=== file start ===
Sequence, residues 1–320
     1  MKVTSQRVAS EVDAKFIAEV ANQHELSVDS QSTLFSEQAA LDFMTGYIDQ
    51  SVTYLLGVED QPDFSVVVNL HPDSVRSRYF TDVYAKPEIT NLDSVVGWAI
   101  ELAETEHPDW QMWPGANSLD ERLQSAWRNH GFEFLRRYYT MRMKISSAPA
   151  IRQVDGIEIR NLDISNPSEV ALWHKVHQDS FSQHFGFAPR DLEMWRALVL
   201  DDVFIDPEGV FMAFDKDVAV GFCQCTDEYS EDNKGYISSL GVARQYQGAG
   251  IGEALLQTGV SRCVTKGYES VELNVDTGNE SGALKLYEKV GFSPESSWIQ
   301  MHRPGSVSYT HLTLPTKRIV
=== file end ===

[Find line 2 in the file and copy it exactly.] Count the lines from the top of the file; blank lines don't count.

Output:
     1  MKVTSQRVAS EVDAKFIAEV ANQHELSVDS QSTLFSEQAA LDFMTGYIDQ